05/27/2012 03:31 pm ET Updated Jul 27, 2012

Warriors Head Back to the City

San Francisco, CA - On a nice clear day along the Pier, the stage was set to make a big announcement that brought NBA's Commissioner David Stern to the event. A sea of blue suits aligned the podium, to unveil the news that the Golden State Warriors will move back to San Francisco for the 2017-2018 season.

A decision made by new owners Joe Lacob and Peter Guber plan to build a $400 to $500 million arena that will seat up to 20,000 people. This venue much like the Nokia Center across the street from the Staples Center in Los Angeles will also be home to entertainment and a convention center.

In the meantime the Warriors will continue to remodel Oracle arena while the new area is being built. But what does this mean for the city of Oakland and the fans? In short season we saw a new coach lead a team to a 23-43 record, 13 games less than where they were last season. And management added some new faces yet the roster is still unimpressive.

Golden State's top leading scorer, Monta Ellis and best defender, Ekpe Udoh were traded to the Milwaukee Bucks for Andrew Bogut and Stephen Jackson. Bogut is still injured and Jackson never graced his presence as he opted out and chose to play for the San Antonio Spurs.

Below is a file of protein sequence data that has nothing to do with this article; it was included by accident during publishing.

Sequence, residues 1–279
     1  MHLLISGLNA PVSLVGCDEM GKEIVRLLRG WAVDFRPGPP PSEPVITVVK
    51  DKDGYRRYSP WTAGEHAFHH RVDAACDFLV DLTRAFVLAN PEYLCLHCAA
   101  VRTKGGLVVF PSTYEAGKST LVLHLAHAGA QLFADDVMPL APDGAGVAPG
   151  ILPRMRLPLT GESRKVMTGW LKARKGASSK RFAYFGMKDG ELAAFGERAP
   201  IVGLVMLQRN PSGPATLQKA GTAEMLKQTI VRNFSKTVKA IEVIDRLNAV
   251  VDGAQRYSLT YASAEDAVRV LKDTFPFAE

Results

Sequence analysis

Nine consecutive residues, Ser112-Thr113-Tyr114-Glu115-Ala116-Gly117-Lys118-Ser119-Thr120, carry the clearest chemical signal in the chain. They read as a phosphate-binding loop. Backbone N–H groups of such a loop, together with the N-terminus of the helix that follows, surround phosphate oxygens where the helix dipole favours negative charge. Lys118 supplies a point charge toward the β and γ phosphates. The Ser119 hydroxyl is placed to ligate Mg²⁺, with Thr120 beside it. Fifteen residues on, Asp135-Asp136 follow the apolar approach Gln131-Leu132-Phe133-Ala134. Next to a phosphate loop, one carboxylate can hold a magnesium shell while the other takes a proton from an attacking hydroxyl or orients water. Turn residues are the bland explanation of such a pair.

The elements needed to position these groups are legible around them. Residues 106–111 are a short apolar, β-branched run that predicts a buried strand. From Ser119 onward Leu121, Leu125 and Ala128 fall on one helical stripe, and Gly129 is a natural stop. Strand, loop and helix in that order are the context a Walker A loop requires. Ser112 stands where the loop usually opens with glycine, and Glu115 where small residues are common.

Year after year, fans have supported bone head moves from past owners, coaches and management. Yet, Oracle still gets sellout crowds despite a losing team. In addition to bad decision making by the Warriors, the city of Oakland will lose more jobs while San Francisco will gain employment.

"This is the most important journey in the history of the Warriors," said team President and CEO Rick Welts.

Why is this move more important than building a winning team? If you look back at history, the last NBA Championship won by Golden State was in 1975. The last Conference Final appearance was in 1975 and 2007 was the last time they made it to the playoffs. Five years later the most vital decision is to relocate the team?

"We have to win, it's on us to do that," Lacob said. "We're going to give a great entertainment value, no matter what. Fans of the Warriors do support the team, even though they haven't been winning. Well, I gotta tell you right now that ain't going to work for us. We go to win. We can't expect fans to keep coming forever if we don't win."

We've seen the success in teams moving. For example the Seattle SuperSonics relocated to Oklahoma City in 2008 and two years later they made their first run in the playoffs. They continue to get better each year. But their motivation didn't come from a move, it came from a young player destined to be great [Kevin Durant] and a coach [Scott Brooks] who got a chance after P.J. Carlesimo got fired.

In the interim period who knows what changes will take place before the move. For now Golden State lacks talent and this should be the priority for the team. The main concern is the 2012 NBA Draft, adding more depth in the paint and what veteran guard will back up Stephen Curry.

These are the questions that need to be addressed. However, the dedicated fans will continue to support the Warriors. The coined phrase that developed in 2007 "We Believe" is the only hope that an NBA trophy will come back to the Bay Area.